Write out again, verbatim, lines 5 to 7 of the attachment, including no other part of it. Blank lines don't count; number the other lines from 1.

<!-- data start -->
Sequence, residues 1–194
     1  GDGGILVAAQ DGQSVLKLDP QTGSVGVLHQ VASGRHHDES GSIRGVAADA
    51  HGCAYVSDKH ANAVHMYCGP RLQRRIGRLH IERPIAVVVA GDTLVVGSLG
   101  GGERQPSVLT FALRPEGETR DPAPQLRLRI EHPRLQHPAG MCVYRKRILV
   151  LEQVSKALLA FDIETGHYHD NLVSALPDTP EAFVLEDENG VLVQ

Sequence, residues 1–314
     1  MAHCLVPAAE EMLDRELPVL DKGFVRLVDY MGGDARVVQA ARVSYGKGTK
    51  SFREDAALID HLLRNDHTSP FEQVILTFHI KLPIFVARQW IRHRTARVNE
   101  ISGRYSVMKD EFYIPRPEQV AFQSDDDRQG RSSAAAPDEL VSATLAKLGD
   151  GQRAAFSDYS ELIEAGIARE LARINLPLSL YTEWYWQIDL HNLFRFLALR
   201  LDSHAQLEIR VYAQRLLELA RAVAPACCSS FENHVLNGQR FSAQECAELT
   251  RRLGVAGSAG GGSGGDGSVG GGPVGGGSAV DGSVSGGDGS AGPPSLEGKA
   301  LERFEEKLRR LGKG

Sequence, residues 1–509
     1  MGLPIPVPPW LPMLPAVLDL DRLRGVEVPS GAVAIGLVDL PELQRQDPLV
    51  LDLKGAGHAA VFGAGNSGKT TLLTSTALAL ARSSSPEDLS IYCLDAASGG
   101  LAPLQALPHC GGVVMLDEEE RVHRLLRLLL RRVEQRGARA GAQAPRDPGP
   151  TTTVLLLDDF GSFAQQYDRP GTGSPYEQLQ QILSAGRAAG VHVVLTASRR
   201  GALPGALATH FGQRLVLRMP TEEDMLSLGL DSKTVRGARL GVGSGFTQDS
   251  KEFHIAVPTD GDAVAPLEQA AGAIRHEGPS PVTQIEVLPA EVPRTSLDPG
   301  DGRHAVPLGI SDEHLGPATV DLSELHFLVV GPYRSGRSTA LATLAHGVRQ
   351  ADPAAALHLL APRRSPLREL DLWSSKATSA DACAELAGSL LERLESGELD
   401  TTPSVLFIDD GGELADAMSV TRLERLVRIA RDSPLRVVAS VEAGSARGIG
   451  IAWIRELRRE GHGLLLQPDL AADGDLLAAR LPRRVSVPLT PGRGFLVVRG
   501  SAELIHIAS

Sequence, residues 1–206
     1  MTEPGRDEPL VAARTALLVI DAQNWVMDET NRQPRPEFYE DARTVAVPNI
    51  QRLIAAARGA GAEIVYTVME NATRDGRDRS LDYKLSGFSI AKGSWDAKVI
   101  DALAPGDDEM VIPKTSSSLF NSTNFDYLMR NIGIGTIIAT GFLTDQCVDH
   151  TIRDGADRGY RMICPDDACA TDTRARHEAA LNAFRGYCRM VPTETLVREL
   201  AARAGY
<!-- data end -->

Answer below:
   151  LEQVSKALLA FDIETGHYHD NLVSALPDTP EAFVLEDENG VLVQ

Sequence, residues 1–314
     1  MAHCLVPAAE EMLDRELPVL DKGFVRLVDY MGGDARVVQA ARVSYGKGTK